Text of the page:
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Below you will find current courses, as well as some others I’ve offered in the past.

Copyright & Literary Culture. The practical consequences of copyright are broad and deep—from the construction and dominance of the iPod/iPhone to the institutionalization of Shakespeare, these are matters directly tied into the rich, complex and sometimes maddening history and theory of intellectual property.  At the root of modern copyright was the book sellers trade in Early Modern England, translated and transplanted to the American Colonies, reformed by the U.S. Constitution, and refined in the courts.  Throughout its history, we have seen how creators, the reading public, and the book sellers have battled and negotiated with each other to strike a productive but precarious balance—and our modern digital turmoil is the latest in a long line of technological ruptures that have left the creative class scrambling to re-define copyright once again.  We shall investigate the theory and history of intellectual property through a mixture of novels, legal texts, popular journals, and criticism to comprehend copyright’s long and intricate relationship with literary culture, what is at stake with current copyright disputes, and what that may mean for the future of the book.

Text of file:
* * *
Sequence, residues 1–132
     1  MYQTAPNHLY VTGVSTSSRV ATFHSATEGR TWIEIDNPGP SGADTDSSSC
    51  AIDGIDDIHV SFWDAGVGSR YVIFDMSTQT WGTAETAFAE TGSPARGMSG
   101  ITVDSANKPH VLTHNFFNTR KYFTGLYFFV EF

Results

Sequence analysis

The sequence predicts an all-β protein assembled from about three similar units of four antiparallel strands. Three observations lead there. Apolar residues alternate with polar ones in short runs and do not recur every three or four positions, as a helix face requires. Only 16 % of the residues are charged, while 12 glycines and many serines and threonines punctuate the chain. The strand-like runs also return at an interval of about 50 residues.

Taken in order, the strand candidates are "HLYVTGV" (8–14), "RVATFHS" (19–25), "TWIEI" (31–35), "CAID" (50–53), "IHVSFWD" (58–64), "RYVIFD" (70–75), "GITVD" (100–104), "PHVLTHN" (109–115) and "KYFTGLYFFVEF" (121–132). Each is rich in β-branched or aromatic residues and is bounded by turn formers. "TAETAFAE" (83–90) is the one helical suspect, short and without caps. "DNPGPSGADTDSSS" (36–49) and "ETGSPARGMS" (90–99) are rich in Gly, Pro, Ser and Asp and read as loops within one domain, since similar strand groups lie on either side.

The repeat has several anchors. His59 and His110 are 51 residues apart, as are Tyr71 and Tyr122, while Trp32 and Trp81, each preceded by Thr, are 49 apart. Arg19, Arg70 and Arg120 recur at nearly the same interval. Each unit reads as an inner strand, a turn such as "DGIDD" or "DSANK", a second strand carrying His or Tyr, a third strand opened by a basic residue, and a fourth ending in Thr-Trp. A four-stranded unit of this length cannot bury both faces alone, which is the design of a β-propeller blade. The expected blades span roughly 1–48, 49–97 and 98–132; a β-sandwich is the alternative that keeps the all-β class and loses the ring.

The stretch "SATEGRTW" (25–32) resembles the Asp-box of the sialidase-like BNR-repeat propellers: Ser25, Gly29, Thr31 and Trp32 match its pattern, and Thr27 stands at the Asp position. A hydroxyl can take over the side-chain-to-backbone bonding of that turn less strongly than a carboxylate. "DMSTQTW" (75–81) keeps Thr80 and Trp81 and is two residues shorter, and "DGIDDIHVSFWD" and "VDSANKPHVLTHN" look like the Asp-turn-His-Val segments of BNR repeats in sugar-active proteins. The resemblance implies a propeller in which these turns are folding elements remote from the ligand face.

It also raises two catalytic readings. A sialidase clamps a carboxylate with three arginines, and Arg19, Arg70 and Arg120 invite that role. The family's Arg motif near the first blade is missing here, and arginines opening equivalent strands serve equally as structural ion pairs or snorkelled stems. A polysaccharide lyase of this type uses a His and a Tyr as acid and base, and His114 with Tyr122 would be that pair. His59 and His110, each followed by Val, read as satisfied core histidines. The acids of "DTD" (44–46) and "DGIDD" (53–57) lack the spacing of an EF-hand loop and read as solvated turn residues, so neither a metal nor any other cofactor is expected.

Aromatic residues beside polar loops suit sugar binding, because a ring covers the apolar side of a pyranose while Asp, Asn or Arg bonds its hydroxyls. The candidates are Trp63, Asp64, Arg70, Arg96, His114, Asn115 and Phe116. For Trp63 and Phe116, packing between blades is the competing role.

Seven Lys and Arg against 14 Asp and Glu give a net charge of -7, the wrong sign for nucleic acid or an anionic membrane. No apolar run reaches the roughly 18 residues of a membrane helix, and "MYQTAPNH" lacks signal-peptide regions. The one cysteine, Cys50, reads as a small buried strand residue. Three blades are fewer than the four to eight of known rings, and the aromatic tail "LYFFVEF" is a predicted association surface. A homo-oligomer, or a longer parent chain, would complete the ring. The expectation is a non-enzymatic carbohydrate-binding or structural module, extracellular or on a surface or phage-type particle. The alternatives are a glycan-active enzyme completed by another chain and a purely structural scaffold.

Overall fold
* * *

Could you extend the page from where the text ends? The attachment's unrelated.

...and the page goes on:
Digital Cultures. Graduate seminar. This course studies digital cultures to offer insights about how people use technology to change, resist, subvert, or attack the cultures that seek to subject and contain them. Constructed at the intersection of these struggles, this course takes a multiperspectival approach to digital culture, employing literary and rhetorical theory to understand a number of topics relevant to the subject, including but not limited to, cyberspace and identity, online political activism, social networking, hacker culture, cyberspace and law, remix culture, gaming and fan culture, and viral memes. In doing so, this course will help students understand the complex role that technology plays in the cultural struggles (digital or otherwise) through which knowledge is produced.

Techno-Orientalism in Science Fiction Film & Literature.Undergraduate lecture. This course explores the signification of Asia and the high-tech in speculative fiction in film and literature; it takes a historiographic approach by examining the brief but significant interest in Japanese culture and art in the early twentieth century after the Russo-Japanese War. Texts include Neal Stephenson’s Snow Crash, William Gibson’s Idoru, as well as an assortment of secondary and theoretical criticism. Films may include BladerunnerThe Matrix, and Robot Stories, among others.

Literature and New Media. Upper division undergraduate lecture. At the root of media is technology. Consider how the book could not have been engendered without the technology to produce paper, ink, and movable type. This course combines text, image, and sound in considering literature and new media. How do media inform one another? Can a painting be cinematic? Can a film be textual? Can a text be mellifluous? This course examines new media and literature as engaging in a reflexive relationship altering not only the form of narrative, but its consumption, production, and processing.